Guterres initially approached Hamdok, the Sudanese prime minister, to inform him of his decision to appoint Haysom, whom he had appointed senior advisor in April 2019 to support the African Union’s mediation efforts in Sudan after Bashir was removed. But Hamdok demurred.

Haysom’s initial relationship with the military leaders who ran Sudan after Bashir’s fall was rocky, as they associated him with the international effort to promote a transfer of power to civilian rule. But Hamdok welcomed Haysom to Khartoum after he was sworn in as prime minister. The relationship, according to U.N. insiders, was cordial and productive.

But Hamdok, who was being courted by France, and was hosted by French President Emmanuel Macron in Paris in late September, said he would prefer Belliard, the French candidate, for the job. Diplomats say that Hamdok was convinced that Belliard was in a better position to attract more funding from France, and the European Union.

Guterres assented.

But the deal was far from done.

Belliard faced opposition from within the Sudanese military, which enlisted the support of Moscow and Beijing to scuttle the appointment. Russia is said to have raised concern about the need for broader geographical representation at the head of U.N. missions. Russia also raised concern about a potential conflict of interest: Belliard is married to a Sudanese woman.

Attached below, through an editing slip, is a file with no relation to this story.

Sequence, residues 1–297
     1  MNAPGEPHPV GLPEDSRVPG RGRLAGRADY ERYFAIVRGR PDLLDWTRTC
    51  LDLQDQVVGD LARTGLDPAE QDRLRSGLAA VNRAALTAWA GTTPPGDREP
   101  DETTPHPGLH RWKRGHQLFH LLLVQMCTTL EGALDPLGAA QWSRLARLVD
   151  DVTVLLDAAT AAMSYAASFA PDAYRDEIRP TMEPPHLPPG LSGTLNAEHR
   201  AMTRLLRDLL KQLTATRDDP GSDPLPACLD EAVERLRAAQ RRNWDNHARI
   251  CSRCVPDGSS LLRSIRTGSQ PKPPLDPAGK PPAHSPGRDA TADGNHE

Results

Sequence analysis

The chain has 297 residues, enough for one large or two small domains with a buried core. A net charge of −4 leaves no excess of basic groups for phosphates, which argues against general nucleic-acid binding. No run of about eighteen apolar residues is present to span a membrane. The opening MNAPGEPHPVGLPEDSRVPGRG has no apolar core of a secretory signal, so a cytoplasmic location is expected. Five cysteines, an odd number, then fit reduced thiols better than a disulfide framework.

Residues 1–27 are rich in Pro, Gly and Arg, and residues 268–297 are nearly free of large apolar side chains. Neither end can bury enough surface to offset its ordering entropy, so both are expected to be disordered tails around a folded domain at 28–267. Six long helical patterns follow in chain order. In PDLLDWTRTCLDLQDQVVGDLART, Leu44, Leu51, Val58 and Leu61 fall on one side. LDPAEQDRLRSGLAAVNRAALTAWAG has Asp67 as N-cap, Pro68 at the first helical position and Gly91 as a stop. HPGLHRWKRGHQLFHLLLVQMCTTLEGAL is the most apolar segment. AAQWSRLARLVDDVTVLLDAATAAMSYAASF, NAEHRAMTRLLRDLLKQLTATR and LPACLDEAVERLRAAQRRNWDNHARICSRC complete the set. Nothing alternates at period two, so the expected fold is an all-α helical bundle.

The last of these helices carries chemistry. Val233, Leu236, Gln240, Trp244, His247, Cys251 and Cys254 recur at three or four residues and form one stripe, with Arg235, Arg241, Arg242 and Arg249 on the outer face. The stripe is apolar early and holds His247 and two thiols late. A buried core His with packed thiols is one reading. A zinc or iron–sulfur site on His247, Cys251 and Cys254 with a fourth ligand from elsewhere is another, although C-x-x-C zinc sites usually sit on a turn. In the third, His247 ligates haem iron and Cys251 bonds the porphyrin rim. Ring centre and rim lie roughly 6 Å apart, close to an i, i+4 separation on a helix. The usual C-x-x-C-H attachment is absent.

But France, which is trying to persuade the Sudanese military to relent, has continued to press for Belliard. 

Some U.N. diplomats have speculated that Russian opposition to the French candidate was fueled in part by the role France, along with Britain and the United States, played this year in blocking a senior Russian security official from being hired for a top-level job with the U.N. Truce Supervision Organization, one of the U.N. oldest missions, in the Middle East.

“This is a tit for tat for the Western powers blocking a Russian general for a mission earlier this year,” a senior Western diplomat said. 

Cameron Hudson, a former U.S. diplomat now at the Atlantic Council, said Guterres’s decision to select a candidate favored by the Sudanese government may suggest that he wants to put somebody in that would strengthen the power and influence of Sudan’s civilian prime minister during a particularly challenging transition. But he worries the gambit might result in the U.N. developing too cozy a relationship with Hamdok.

“I don’t think that is a successful strategy. For all the hope and optimism in Sudan, there have also been a number of missteps by the transitional government,” Hudson said. “They need tough love by the international community. Having an SRSG who is there as a friend of Hamdok’s and as a cheerleader is probably not what is needed.” 

This story has been updated to include responses from senior U.N. officials.

Correction, July 23, 2020: An earlier version of this story incorrectly stated that the U.N. sent a letter in December 2018 to the Somali government encouraging Mogadishu to allow a former terrorist leader to participate in Somali elections. The letter, which was obtained by Foreign Policy, expressed concern about the legality of the arrest and detention of a former al-Shabab official and 300 child demonstrators at a protest.

Colum Lynch is a senior staff writer at Foreign Policy. Twitter: @columlynch

Robbie Gramer is a diplomacy and national security reporter at Foreign Policy. Twitter: @RobbieGramer